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Church Vandalism Infuriates the Faithful

A string of attacks on Catholic shrines has damaged pews, statues. Police doubt the incidents are related.

November 21, 2003|Scott Martelle | Times Staff Writer

They usually come under the shroud of darkness, late at night when no one is around, and approach the shrines as assailants.

They leave behind relatively minor physical damage -- hands dislodged from a wooden statue of the Virgin Mary, or statues toppled into pools. They defaced walls in one instance and burned a church pew in another.

But the insult runs deep, scarring the souls of the faithful.

"It's become an issue," said Father Richard Kennedy, pastor of St. Barbara's Catholic Church in Santa Ana, one of three Orange County parishes that have endured a string of apparently unrelated vandalism attacks in recent weeks. "Different [parishioners] come up and say they want to pay for surveillance and stuff like that. They get pretty upset."

Vandals have struck at St. Callistus Church in Garden Grove, causing minor damage by setting fire to a pew, and at St. Barbara's and Our Lady of La Vang in western Santa Ana, where icons and statues have been damaged or stolen.

Police and church officials believe that the incidents are unrelated and that each church's problems are isolated. They do not consider them hate crimes.

"We have absolutely no leads as to who may be responsible," said Santa Ana Police Sgt. Baltazar De La Riva. "There are differences in the way the crimes are being committed. Up to this point we don't have any evidence that would lead us to believe these incidents are related."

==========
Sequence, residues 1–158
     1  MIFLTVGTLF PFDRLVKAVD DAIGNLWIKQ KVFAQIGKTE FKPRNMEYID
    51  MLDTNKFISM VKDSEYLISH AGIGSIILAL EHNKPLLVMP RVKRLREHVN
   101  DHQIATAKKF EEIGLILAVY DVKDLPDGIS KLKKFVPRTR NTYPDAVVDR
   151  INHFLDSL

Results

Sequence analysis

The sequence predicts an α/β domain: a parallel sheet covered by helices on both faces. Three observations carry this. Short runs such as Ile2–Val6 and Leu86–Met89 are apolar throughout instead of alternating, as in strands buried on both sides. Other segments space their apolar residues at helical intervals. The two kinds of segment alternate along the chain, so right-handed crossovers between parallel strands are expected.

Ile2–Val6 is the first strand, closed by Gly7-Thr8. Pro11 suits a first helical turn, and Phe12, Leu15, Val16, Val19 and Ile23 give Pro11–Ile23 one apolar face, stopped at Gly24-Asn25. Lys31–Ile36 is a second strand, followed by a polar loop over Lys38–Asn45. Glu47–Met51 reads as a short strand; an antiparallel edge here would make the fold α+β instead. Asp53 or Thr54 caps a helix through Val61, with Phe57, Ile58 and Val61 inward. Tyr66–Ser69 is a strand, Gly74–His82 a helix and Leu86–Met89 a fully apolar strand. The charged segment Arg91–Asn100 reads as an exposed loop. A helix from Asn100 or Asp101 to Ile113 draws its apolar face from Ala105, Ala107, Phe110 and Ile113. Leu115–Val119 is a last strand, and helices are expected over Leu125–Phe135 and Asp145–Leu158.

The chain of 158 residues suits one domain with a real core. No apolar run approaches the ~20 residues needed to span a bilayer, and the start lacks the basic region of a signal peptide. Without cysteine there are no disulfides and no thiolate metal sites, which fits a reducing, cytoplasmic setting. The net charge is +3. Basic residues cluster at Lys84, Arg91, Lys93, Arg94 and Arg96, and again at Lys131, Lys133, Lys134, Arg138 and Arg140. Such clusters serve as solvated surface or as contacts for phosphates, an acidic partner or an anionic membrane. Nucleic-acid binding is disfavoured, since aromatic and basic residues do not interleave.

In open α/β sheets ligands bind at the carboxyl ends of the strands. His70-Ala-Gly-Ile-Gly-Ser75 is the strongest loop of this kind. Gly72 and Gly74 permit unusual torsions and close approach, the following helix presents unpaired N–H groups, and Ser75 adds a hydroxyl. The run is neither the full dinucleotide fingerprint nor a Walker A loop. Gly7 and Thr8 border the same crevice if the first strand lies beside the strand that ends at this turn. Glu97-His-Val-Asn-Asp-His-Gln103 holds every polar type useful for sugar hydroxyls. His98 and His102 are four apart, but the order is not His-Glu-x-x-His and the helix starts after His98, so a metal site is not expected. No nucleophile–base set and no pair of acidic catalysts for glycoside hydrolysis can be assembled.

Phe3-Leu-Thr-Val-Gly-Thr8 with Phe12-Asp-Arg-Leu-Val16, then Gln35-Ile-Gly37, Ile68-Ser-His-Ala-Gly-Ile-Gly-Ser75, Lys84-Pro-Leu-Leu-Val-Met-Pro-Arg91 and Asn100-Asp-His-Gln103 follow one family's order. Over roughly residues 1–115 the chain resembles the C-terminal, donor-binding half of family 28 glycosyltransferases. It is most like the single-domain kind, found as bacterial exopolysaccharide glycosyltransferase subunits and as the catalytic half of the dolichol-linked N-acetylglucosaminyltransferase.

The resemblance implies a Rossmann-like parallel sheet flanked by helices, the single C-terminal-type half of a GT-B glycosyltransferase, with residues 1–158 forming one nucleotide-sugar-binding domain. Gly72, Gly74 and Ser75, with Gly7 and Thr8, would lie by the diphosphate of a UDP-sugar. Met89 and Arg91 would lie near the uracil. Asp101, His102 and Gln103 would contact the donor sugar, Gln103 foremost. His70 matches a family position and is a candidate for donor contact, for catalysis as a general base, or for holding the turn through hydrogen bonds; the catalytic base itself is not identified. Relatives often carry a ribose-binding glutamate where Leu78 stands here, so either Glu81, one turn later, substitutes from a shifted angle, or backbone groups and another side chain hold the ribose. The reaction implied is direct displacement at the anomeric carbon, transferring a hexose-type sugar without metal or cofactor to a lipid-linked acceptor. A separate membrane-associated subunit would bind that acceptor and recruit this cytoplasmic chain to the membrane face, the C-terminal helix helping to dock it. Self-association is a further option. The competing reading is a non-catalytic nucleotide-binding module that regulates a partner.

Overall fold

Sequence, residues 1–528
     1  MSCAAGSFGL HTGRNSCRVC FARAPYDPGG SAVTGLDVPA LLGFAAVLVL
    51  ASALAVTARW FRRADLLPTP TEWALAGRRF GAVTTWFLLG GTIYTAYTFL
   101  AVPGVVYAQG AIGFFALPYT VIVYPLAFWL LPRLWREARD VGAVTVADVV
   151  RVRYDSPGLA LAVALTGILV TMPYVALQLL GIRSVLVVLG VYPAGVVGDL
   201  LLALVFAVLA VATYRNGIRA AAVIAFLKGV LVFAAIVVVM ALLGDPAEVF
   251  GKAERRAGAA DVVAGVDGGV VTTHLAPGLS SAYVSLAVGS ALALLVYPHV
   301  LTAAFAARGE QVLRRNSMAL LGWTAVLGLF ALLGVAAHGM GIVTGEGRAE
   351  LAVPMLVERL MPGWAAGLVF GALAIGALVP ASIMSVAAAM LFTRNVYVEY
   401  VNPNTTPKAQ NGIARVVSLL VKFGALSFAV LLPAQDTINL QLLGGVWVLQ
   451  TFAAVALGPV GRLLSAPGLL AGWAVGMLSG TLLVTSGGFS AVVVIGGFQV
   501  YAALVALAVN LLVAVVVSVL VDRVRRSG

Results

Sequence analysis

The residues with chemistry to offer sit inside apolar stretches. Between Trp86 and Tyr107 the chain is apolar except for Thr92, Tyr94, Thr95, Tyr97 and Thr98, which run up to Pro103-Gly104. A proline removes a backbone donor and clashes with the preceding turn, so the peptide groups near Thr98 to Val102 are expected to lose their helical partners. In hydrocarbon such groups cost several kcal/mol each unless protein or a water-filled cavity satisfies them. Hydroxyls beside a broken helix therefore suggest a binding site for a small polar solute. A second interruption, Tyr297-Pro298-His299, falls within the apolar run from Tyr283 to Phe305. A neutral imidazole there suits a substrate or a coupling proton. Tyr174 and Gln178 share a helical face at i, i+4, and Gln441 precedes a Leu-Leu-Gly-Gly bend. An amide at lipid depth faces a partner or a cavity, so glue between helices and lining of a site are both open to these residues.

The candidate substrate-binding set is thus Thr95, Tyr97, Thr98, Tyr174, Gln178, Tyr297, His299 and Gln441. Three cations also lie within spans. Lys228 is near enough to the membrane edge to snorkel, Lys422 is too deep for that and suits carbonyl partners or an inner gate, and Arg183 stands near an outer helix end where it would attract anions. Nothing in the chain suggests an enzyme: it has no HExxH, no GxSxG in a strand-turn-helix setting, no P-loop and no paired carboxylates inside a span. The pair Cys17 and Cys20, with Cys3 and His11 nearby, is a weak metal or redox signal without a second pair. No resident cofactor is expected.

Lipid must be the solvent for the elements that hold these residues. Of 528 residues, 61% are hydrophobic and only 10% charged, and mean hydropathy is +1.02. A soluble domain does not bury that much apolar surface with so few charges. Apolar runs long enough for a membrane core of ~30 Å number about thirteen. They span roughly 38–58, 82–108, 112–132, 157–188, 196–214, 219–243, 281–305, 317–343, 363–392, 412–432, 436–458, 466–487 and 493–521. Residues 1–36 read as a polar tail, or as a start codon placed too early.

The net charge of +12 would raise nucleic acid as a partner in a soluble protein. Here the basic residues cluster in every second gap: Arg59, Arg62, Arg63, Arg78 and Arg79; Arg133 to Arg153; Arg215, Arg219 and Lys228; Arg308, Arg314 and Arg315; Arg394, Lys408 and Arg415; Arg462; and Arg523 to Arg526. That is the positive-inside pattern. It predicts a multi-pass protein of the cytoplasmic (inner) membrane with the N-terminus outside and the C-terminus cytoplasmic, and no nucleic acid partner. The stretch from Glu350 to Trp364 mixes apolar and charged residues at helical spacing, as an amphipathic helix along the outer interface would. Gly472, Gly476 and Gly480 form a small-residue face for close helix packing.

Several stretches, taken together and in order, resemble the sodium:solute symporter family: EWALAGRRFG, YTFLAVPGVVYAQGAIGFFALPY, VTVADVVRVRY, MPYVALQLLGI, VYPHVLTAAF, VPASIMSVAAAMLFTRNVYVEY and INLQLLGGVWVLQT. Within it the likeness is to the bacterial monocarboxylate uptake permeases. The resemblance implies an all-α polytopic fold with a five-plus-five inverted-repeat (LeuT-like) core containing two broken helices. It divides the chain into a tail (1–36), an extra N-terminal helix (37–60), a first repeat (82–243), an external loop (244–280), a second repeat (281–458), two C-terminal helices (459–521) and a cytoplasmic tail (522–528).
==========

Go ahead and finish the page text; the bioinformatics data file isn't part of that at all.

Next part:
Garden Grove Police Lt. Mike Handfield, whose department is investigating the pew burning at St. Callistus last week, said he hopes to meet with an interfaith council to try to learn whether other acts of vandalism have gone unreported.

"We're just going to be making sure all these things are reported so that we have a good idea of what's going on," he said.

Kennedy said the incidents at his church -- at least five -- have led him to consider installing video surveillance, hoping to catch on tape whoever is vexing his parish.

But he said the incidents won't lead to changes in access to the church, where the doors are left unlocked during the day so the faithful can enter for prayer.

"I have a feeling that whoever is doing it is a little cuckoo," said Kennedy, taking the damage in stride. "It's only a statue. It's not as if they were breaking my hands off."

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